From our castles, forts, dykes, roads, and cromlechs that are steeped in history through to our caves, lakes, woods, hills, and mountains that are infused in Myth and legend, Wales is a country rich in historic places.
Much of these places are currently protected by the likes of CADW and the National Trust, however there are some that slip through the cracks and end up in dilapidated conditions, overgrown or in some cases knocked down or incorporated into new developments.
CPRW will take up the cause of historic places that are threatened by insensitive and inappropriate developments and will continue to work with both CADW and National Trust to ensure our historic places are protected for future generations.
CPRW welcomed the recent decision by the Snowdonia National Park Authority to revert to the names Yr Wyddfa for Snowdon and Eryri for Snowdonia. The use of the original Welsh name for a place grounds it to the people. Descriptive, thought-evoking, poetic, and full of hwyl!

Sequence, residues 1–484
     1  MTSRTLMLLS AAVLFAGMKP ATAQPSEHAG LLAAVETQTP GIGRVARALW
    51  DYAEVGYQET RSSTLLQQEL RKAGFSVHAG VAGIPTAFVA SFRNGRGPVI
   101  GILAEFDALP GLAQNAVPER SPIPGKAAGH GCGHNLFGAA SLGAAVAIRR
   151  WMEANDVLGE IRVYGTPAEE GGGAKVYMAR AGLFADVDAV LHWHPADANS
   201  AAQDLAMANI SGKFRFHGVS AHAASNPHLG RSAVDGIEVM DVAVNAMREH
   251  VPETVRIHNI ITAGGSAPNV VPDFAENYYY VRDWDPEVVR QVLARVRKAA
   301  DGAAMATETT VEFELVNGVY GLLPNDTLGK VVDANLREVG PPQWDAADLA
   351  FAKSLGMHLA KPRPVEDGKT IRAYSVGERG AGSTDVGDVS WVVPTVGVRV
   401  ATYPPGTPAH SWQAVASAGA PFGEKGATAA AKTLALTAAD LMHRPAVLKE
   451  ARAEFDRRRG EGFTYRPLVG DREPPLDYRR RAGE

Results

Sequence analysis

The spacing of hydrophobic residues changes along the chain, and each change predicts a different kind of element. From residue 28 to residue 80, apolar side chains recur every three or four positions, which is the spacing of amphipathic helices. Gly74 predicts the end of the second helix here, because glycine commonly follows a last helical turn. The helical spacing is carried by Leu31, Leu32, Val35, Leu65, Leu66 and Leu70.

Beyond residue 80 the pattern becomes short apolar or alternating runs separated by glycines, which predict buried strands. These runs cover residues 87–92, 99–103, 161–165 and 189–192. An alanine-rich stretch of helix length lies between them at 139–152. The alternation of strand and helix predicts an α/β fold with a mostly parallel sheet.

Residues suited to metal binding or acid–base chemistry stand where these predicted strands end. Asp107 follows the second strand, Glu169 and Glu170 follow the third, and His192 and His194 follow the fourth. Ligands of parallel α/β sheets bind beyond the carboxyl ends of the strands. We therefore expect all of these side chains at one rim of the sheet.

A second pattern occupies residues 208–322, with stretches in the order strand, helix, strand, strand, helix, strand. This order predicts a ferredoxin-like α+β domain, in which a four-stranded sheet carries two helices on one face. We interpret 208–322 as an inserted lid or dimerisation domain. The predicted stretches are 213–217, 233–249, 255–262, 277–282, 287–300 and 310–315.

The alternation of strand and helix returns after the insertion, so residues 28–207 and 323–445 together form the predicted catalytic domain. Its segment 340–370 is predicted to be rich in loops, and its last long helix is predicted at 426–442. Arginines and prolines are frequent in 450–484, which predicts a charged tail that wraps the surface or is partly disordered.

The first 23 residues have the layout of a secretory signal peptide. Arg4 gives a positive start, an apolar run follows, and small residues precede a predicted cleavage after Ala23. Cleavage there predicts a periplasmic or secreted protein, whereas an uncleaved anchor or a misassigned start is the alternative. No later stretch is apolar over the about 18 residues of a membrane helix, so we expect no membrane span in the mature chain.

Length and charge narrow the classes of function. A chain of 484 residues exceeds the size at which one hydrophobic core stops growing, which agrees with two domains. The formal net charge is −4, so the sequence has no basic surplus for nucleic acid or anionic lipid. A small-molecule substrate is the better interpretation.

The Welsh language is a language of landscapes – the places, people, history, land-use and natural features are what gives it detail, substance, meaning, and context. Without a landscape, without some kind of continuity, the language itself is at grave risk of coming adrift of its moorings – the rocks and slopes, the river bends, the buildings that form its ancient fabric, the elements that are permanent enough to warrant a name.
CPRW believes that we need to protect and promote historic place names, where appropriate reverting to the Welsh name, if there was one originally, and also reserving, and restoring names that recognise significant events throughout our shared history on the British Isles.